Client: London International Group
PR Team: In-house and Hill and Knowlton
Campaign: Durex Global Sex Survey 1997
Timescale: March to November 1997
Cost: pounds 750,000
In the pre-Aids 1980s, the pill gained considerable market share, while
condoms were seen as a declining market.
In 1987 London International Group began to internationalise its
business by acquiring local brands, however its condoms were still being
sold under different names, making global PR, advertising and marketing
In 1994, the organisation decided to focus on the Durex brand and to
globalise it. LIG’s finances improved and LIG’s products now account for
around 22 per cent of the global branded condom market with sales
growing by 6.6 per cent last year.
To gain global media coverage for LIG’s second annual global sex survey
and to turn Durex into a globally recognised brand. A key aim was to
achieve quality - as well as quantitative - coverage with the Durex
brand being associated with such issues as health and sex education.
Hill and Knowlton was hired by LIG in March 1997 to co-ordinate PR for
the 1997 survey. The launch date was set for 28 October. A working group
was assembled to plan and run the campaign. Senior account director
Lucinda Ostwind headed the Hill and Knowlton team, while LIG’s team was
led by Clive Kitchener, group director of strategy, and Justine Samuel,
head of corporate affairs.
Nearly 10,000 sexually active adults between the ages of 16 and 45 were
surveyed in 14 countries. Questions included frequency of sexual
experiences, age at first sexual encounter, number of sexual partners
and length of time spend engaging in intercourse.
The London team co-ordinated the work of PR agencies in each of the 14
countries. Manning Selvage and Lee, which ran PR for the first global
survey in 1996, was used as the local agency in the US and Mexico. The
other agencies were: Health Network in the UK; Royce Communications in
Australia; GCI Communications in Canada; Shandwick in Hong Kong;
Mavellia in Italy; Health Network out of UK in Poland and Russia; Public
Relations International in South Africa; Sanchis y Asociados in Spain;
Court-Conseille in France, and Shandwick in Thailand.
A tailor-made survey of the Indian middle-class was commissioned by LIG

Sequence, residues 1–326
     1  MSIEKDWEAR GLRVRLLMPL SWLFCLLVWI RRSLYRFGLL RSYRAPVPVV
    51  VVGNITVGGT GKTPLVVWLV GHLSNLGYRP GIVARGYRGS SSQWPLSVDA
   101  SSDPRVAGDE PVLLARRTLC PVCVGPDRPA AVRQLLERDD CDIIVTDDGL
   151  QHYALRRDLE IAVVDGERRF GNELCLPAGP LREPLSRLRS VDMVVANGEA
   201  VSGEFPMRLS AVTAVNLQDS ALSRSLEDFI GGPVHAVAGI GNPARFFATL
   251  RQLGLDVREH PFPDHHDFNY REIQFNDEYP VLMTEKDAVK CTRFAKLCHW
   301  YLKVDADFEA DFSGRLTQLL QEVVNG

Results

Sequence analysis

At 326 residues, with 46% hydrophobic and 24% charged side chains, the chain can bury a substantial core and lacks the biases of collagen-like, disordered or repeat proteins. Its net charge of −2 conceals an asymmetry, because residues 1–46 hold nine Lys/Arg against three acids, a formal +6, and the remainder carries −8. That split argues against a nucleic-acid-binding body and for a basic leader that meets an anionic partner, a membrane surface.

in India as a prelude to the launch of Durex in the sub-continent.
Hill and Knowlton produced common briefing packs for the local agencies
to ensure consistency and ensured that deadlines for the achievement of
goals were met as the campaign swung into action.
CMS was hired to produce custom-made Precis evaluation software. The
survey was translated into five languages. Embargoed for two weeks, each
country’s media pack was delivered by the local agencies. Hill and
Knowlton London handled the international press and media and set up a
The worldwide embargo held up, as planned, until the launch date. The
launch resulted in world-wide publicity in print, media and
Hill and Knowlton devoted five per cent of its budget to measuring and
evaluating how well the campaign reached its objectives. According to
Ostwind, 1,000 million people were ’impacted’ by the campaign.
Press coverage was up 46 per cent on the previous year, consumer
magazine coverage was up 50 per cent and television coverage - one of
the key objectives - rose 355 per cent. Radio coverage was about the
same as the year before.
There was a 30 per cent overall average increase in quantity and quality
of media coverage, added Ostwind.
H&K’s tailor-made evaluation system found that the global PR campaign
achieved a common communication platform in 14 countries. In addition,
it provided proof that the campaign successfully promoted the Durex
brand in widely differing cultures.
A well-researched and co-ordinated campaign raised coverage from the
frivolous to include the more serious issues of sex education and